pentosan polysulfate sodium (Rx)

Brand and Other Names:Elmiron

Dosing & Uses


Dosage Forms & Strengths


  • 100mg

Interstitial Cystitis

Indicated for bladder pain associated with interstitial cystitis

100 mg PO q8hr

Administration: 1 hour before or 2 hours after meals with water

Reassess every 3 Months

Sickle Cell Disease (Orphan)

Orphan indication sponsors

  • Vanguard Therapeutics, Inc; Eagle Trace Dr; Half Moon Bay, CA 94019
  • TRF Pharma, Inc; 863 Mitten Road; Burlingame, CA 94010

Mucopolysaccharidosis (Orphan)

Brand name: Lysosan

Orphan designation for treatment of MPS type VI


  • Plexcera Therapeutics, LLC; 4445 North Highway A1A, Suite 241; Vero Beach, FL 32963

<16 years: Safety and efficacy not established


Adverse Effects


Alopecia (4%)

Diarrhea (4%)

Nausea (4%)

Headache (3%)

Abdominal pain (2%)

Indigestion (2%)

Postmarketing Reports

Rectal hemorrhage

Elevated LFTs



Partial thromboplastin time increased

Prothrombin time increased


Optic neuritis

Retinal hemorrhage

Pigmentary changes in the retina






Alopecia is associated with pentosan polysulfate and with heparin products; alopecia began within the first 4 weeks of treatment in clinical trials; ninety-seven percent (97%) of cases of alopecia reported were alopecia areata, limited to a single area on the scalp

The drug has not been studied in patients with hepatic insufficiency; because there is evidence of hepatic contribution to elimination of drug, hepatic impairment may have an impact on pharmacokinetics of the drug; exercise caution when using drug in this patient population

Retinal pigmentary changes

  • Pigmentary changes in retina, reported as pigmentary maculopathy, identified with long-term use of drug
  • Although most cases occurred after 3 years of use or longer, cases have been seen with a shorter duration of use; while the etiology is unclear, cumulative dose appears to be a risk factor
  • Visual symptoms in reported cases included difficulty reading, slow adjustment to low or reduced light environments, and blurred vision
  • Visual consequences of pigmentary changes are not fully characterized
  • Use caution in patients with retinal pigment changes from other causes in which examination findings may confound appropriate diagnosis, follow-up, and treatment
  • Obtain detailed ophthalmologic history in all patients prior to starting treatment; consider testing if there is a family history of hereditary pattern dystrophy, genetic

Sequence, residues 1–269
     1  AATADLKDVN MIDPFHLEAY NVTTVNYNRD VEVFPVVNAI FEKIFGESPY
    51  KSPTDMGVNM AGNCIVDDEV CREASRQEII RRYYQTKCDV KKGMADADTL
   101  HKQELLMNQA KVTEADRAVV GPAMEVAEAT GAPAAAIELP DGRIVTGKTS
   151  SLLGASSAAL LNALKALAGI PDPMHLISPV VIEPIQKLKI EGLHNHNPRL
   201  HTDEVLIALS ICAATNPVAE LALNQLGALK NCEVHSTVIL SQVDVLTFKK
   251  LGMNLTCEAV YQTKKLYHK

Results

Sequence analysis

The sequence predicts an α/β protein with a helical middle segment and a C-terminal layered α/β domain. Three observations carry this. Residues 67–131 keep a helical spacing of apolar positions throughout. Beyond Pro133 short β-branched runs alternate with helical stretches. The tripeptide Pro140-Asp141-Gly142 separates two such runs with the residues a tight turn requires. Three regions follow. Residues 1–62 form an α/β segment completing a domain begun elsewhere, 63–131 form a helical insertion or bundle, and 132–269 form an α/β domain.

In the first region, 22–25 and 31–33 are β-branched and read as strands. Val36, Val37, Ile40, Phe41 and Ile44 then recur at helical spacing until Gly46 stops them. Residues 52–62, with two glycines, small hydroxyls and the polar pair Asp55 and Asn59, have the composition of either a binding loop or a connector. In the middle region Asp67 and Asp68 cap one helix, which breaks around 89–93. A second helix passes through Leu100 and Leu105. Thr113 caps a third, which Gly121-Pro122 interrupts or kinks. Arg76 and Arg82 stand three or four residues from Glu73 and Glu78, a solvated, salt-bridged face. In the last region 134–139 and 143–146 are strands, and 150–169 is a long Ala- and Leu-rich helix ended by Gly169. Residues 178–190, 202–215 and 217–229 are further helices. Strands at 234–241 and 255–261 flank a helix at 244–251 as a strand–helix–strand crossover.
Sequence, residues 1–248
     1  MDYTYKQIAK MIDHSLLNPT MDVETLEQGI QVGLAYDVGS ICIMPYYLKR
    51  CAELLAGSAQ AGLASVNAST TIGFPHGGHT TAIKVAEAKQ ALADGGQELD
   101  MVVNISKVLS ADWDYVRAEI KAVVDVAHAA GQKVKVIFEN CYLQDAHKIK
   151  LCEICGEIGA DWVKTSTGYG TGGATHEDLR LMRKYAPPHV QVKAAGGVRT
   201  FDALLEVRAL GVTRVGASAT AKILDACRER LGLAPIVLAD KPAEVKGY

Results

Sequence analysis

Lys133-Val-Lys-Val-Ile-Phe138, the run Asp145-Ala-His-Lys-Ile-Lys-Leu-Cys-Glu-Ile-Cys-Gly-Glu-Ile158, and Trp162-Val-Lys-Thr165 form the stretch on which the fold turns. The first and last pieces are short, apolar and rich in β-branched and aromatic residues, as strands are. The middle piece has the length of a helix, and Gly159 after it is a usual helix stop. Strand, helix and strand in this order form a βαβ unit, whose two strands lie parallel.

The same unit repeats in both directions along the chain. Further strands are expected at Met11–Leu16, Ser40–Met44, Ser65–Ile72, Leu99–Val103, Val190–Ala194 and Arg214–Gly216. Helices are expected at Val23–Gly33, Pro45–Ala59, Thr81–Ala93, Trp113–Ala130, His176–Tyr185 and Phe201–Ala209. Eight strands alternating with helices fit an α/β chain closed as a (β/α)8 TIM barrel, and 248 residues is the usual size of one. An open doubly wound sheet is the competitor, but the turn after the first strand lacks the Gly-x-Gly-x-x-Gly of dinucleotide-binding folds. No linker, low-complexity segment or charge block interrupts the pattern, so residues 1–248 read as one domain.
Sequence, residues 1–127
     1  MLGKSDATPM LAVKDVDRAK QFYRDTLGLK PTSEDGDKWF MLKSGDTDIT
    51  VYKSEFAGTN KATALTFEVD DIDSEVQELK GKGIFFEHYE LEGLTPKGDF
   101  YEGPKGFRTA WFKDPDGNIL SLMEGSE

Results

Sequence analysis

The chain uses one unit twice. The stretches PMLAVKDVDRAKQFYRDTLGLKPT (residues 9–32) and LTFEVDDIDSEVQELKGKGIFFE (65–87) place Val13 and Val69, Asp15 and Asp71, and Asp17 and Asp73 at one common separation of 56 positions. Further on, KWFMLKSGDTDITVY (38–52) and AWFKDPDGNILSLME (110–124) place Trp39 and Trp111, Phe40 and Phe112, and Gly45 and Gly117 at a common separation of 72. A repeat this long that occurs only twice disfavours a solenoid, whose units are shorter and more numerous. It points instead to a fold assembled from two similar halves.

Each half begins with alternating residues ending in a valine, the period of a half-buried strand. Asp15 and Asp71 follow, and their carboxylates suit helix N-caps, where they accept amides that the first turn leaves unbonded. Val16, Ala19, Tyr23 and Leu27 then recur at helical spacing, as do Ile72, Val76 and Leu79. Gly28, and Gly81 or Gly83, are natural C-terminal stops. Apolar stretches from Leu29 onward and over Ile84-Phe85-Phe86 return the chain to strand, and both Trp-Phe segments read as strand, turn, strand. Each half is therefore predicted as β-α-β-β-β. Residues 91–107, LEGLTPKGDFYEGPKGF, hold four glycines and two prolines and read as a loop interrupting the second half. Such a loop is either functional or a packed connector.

• For patients with pre-existing ophthalmologic conditions, a comprehensive baseline retinal examination (including color fundoscopic photography, ocular coherence tomography (OCT), and auto-fluorescence imaging) is recommended prior to starting therapy
  • A baseline retinal examination (including OCT and autofluorescence imaging) is suggested for all patients within six months of initiating treatment and periodically while continuing treatment; if pigmentary changes in retina develop, re-evaluate risks and benefits of continuing treatment, since these changes may be irreversible
  • Follow-up retinal examinations should be continued given that retinal and vision changes may progress even after cessation of treatment

Anticoagulant effects

  • The drug is a weak anticoagulant (1/15 the activity of heparin) At a daily dose of 300 mg (n=128), rectal hemorrhage was reported as an adverse event in 6.3% of patients
  • Bleeding complications of ecchymosis, epistaxis, and gum hemorrhage reported
  • Patients undergoing invasive procedures or having signs/symptoms of underlying coagulopathy or other increased risk of bleeding (due to other therapies such as coumarin anticoagulants, heparin, tPA, streptokinase, high dose aspirin, or nonsteroidal anti-inflammatory drugs) should be evaluated for hemorrhage.
  • Patients with diseases such as aneurysms, thrombocytopenia, hemophilia, gastrointestinal ulcerations, polyps, or diverticula should be carefully evaluated before starting therapy
  • Exercise caution when administering therapy in patients who have a history of heparin-induced thrombocytopenia

Pregnancy & Lactation

Pregnancy Category: B

Lactation: not known if excreted in breast milk, use caution

Pregnancy Categories

A: Generally acceptable. Controlled studies in pregnant women show no evidence of fetal risk.

B: May be acceptable. Either animal studies show no risk but human studies not available or animal studies showed minor risks and human studies done and showed no risk.

C: Use with caution if benefits outweigh risks. Animal studies show risk and human studies not available or neither animal nor human studies done.

D: Use in LIFE-THREATENING emergencies when no safer drug available. Positive evidence of human fetal risk.